In 1893 the spanish Army adopted the new Mauser rifle in 7 mm caliber. It was named the Spanish Mauser Model of 1893.
During the set up of spanish facilities to manufacture the rifle and its ammunition, orders were placed abroad for the first guns and cartridges.
The first Spanish Mauser rifles were manufactured by Ludwig Loewe & Co, Berlin. The spanish government factory at Oviedo started production only in 1896.
In 1893 a contract was placed on the german firm of Deutsche Metallpatronen, Karlsruhe, for nearly 16 millions of ball cartridges in the new caliber.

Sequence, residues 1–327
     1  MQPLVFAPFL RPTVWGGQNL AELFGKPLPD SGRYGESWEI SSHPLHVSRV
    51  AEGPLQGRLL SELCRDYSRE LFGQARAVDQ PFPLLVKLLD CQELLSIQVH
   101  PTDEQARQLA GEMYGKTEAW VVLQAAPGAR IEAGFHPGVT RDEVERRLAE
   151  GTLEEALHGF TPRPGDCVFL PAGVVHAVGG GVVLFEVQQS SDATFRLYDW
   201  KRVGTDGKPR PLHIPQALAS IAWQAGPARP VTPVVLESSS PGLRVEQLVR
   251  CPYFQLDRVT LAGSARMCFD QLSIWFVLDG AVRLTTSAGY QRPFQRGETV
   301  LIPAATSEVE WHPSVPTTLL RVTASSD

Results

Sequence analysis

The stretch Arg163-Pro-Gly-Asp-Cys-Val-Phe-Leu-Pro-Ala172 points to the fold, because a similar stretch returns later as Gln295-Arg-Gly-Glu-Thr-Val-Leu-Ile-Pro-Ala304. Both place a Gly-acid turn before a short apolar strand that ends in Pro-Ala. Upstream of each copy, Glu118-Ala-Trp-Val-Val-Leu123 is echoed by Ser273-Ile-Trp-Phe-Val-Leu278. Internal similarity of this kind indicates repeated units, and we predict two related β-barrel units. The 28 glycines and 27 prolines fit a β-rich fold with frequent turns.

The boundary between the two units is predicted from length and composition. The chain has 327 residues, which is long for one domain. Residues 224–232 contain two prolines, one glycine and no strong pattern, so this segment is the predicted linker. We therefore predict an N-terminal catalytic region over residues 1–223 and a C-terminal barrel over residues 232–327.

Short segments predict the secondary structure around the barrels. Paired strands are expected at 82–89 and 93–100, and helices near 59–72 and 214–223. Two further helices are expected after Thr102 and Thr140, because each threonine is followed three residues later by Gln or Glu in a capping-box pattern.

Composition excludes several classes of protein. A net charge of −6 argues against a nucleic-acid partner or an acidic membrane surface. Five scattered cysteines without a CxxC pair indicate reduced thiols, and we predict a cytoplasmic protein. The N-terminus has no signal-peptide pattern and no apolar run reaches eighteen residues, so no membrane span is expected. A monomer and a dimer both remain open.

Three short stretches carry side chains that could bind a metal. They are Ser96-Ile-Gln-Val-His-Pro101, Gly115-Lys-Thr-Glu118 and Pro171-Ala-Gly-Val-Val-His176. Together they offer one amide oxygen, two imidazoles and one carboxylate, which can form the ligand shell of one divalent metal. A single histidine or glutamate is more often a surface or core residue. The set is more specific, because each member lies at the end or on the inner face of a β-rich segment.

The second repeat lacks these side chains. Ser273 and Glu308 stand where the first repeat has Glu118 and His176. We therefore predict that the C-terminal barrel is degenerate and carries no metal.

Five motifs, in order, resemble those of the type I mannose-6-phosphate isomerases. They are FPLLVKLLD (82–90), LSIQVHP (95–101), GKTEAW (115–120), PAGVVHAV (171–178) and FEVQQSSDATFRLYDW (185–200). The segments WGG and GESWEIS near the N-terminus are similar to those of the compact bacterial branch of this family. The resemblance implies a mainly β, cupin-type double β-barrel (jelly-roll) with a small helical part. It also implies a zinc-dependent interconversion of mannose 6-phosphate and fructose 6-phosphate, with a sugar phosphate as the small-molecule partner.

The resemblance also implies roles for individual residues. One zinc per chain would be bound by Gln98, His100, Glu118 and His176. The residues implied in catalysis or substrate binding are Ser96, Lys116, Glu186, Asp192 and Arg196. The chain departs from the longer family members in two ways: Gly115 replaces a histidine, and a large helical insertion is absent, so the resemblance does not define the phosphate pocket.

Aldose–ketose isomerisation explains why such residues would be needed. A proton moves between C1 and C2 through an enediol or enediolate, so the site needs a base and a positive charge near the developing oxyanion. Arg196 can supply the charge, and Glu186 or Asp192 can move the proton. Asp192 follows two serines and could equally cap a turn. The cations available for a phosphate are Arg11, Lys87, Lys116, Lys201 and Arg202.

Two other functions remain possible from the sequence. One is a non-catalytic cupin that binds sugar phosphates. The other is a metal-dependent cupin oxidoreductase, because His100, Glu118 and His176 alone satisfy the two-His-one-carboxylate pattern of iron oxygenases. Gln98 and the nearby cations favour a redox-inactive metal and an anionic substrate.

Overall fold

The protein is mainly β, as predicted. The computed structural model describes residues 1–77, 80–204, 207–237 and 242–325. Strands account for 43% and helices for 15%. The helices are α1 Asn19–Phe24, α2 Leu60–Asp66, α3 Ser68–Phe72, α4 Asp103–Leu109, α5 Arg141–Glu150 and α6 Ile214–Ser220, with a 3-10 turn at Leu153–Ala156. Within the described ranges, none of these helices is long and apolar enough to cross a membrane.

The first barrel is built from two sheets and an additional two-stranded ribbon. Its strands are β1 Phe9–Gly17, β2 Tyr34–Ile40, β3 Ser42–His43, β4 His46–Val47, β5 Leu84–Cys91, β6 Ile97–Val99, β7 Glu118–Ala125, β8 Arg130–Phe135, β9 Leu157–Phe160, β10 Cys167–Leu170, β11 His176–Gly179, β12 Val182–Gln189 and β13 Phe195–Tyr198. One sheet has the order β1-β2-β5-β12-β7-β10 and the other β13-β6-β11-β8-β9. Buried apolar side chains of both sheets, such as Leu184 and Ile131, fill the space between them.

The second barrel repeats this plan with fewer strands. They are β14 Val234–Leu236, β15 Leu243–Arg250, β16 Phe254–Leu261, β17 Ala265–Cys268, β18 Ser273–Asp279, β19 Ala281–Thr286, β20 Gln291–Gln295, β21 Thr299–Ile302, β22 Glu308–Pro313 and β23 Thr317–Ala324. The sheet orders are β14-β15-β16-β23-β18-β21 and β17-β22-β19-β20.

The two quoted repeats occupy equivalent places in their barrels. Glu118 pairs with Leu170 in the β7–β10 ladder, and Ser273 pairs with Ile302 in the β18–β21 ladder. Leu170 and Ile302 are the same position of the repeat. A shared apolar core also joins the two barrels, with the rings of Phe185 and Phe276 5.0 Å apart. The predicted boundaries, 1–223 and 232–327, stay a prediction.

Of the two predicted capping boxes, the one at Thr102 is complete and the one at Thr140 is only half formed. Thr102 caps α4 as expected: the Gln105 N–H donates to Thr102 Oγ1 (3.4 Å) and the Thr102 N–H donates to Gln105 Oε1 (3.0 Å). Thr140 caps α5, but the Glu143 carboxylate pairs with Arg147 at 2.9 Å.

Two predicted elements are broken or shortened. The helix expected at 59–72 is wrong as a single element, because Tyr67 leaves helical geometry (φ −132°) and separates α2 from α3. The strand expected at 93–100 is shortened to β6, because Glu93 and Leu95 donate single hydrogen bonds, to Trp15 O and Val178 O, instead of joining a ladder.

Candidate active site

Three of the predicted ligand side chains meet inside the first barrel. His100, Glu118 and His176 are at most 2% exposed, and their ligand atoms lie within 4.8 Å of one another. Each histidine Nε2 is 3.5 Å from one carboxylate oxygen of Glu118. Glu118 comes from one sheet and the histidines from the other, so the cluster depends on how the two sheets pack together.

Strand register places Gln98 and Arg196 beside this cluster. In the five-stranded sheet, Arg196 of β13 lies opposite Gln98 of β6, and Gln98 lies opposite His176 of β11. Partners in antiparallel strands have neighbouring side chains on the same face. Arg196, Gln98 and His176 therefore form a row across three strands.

These cartridges had a CNCS roundnose bullet, and their typical headstamp was: (18 D.M. 94 K.)
I have found in an old book the data collected by the spanish commission that traveled to Germany to inspect the cartridges. A summary is presented in the attached file.
The number of rejects correspond to the total of the components that failed upon inspection. This means, for example, that the number of cases rejected is the sum of the empty cases rejected, the cases that failed upon the inspection of the loaded cartridges, and the cases that failed upon the firing trials.
It is funny to read that the chargers were the most difficult item to make, as they had the greater number of rejects upon inspection.
Does anybody know the rejection figures for ammunition of modern manufacture?